On Fri, 21 Dec 2007 18:51:07 -0600, Stuart Rohre wrote:
>Barry, thanks for remembering the other small Radio Shack 1:1 transformer
>for 600/ 900 ohm isolation.
>I was thinking of the speaker output side of sound cards being around 8
>ohms, and the other side can be a variety of values, but many rig mike
>inputs are closer to 600 ohms today.
>For ham audio applications exact impedance matching is not imperative.
>of the circuits can be thought of as voltage applications.
Virtually ALL audio circuits have low impedance outputs and high impedance
inputs. They are INTENDED to be used without any form of "impedance
matching" or loading. The concept of "impedance matching" and 600 ohms for
audio has been obsolete for at least 40 years. In fact, the only folks
talking about 600 ohms for audio are those who know nothing about audio --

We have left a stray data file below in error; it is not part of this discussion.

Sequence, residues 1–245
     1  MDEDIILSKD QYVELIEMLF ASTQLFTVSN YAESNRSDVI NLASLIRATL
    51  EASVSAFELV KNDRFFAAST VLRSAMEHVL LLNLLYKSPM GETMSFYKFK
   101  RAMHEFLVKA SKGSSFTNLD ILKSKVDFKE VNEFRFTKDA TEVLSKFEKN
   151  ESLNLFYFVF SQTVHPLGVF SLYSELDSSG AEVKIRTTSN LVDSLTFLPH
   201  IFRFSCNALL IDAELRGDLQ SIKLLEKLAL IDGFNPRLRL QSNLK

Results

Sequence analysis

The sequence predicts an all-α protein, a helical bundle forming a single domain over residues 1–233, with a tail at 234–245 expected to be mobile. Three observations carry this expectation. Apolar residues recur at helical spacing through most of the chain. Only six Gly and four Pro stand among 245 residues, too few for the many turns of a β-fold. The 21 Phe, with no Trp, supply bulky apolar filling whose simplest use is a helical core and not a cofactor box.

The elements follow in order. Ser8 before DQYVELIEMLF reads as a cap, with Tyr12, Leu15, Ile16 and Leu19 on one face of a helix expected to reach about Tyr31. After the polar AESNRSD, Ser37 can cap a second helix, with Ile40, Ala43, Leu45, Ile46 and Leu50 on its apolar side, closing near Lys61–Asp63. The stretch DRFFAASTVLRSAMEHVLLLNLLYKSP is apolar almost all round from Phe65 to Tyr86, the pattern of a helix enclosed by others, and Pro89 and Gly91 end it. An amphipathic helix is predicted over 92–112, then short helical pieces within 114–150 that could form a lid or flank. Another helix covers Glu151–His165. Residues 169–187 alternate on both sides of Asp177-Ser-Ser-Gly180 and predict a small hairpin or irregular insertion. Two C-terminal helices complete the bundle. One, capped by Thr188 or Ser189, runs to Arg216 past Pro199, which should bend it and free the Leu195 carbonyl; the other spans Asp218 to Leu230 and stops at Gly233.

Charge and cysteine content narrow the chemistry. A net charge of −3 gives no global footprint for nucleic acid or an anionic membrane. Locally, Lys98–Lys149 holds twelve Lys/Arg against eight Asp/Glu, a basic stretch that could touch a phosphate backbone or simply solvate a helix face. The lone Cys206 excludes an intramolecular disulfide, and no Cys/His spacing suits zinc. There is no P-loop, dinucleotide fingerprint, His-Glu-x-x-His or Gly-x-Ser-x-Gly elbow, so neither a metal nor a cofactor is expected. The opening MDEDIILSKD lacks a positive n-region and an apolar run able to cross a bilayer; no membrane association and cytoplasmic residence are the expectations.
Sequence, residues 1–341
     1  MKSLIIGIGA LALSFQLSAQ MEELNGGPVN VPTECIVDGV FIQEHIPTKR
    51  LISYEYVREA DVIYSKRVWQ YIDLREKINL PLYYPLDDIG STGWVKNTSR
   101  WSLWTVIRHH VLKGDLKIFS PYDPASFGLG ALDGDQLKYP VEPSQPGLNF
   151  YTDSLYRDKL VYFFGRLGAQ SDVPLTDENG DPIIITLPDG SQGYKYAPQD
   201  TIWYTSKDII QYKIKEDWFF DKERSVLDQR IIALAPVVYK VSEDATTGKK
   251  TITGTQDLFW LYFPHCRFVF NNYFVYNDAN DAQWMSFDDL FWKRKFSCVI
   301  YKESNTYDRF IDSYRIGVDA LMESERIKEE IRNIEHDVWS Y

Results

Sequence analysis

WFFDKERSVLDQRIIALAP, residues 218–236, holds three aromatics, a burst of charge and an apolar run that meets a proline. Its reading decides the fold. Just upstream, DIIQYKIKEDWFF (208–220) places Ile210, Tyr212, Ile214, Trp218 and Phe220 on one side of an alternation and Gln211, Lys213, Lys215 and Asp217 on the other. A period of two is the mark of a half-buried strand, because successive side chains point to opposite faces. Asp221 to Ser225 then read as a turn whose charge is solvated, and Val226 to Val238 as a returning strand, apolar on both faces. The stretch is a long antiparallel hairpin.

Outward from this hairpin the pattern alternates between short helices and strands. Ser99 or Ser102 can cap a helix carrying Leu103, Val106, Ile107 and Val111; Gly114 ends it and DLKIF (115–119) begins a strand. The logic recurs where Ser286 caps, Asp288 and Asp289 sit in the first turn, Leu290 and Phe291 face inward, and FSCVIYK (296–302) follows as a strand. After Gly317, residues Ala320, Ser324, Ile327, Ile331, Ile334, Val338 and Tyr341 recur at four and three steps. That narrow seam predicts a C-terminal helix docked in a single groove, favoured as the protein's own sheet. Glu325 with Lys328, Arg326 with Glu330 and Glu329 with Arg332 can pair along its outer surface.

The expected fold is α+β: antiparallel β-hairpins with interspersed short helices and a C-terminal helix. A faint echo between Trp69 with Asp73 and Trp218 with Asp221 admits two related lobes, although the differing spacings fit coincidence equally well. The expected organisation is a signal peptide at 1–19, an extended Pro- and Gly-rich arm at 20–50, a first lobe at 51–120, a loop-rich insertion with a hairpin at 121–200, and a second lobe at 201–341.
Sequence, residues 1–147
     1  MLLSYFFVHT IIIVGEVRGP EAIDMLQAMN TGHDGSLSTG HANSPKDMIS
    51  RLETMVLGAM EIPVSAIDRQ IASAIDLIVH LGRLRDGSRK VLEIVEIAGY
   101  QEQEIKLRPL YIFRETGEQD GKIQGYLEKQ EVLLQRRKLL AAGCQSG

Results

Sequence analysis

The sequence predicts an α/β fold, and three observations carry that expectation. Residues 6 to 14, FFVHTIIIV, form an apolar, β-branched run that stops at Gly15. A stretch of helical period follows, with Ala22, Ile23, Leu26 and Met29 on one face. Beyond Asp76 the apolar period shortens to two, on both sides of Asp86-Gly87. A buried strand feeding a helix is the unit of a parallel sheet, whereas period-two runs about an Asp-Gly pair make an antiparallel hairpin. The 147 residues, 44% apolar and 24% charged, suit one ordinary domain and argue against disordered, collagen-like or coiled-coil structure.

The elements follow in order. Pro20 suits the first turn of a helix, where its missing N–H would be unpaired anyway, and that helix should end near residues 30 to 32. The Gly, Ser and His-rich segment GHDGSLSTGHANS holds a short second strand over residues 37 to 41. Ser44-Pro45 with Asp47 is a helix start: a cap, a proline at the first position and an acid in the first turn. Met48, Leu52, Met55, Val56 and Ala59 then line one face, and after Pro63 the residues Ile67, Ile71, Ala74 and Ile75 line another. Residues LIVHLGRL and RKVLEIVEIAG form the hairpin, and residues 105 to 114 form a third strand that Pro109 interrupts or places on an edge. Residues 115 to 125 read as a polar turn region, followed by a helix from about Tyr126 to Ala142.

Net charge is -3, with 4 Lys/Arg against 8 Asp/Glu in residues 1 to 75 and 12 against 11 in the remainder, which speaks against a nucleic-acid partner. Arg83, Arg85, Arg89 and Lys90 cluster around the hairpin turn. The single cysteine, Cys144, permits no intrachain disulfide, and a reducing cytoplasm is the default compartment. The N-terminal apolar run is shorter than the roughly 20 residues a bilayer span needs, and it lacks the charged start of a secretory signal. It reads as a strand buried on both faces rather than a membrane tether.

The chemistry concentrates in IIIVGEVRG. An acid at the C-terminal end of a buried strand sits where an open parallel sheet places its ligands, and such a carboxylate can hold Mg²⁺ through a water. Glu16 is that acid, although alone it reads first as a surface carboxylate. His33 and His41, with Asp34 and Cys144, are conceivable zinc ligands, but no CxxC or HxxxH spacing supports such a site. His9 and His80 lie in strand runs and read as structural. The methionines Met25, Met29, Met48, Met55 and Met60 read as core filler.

the people who make video gear and those who make ham gear. :)
Virtually ANY computer sound card can drive any rig without the need for a
transformer. What often IS required is a simple pad (also known as a
passive attenuator or voltage divider), because the sound card puts out a
lot more VOLTAGE than the mic input is designed to accept. That pad can be
as simple as a series resistor and parallel load resistor, and a divider
ratio of 10:1 is suitable for most such applications.
You can find several tutorials on this topic on my website, including one
on "impedance matching" that I wrote around 1976, pointing out then that it
was an obsolete concept.
Jim Brown K9YC
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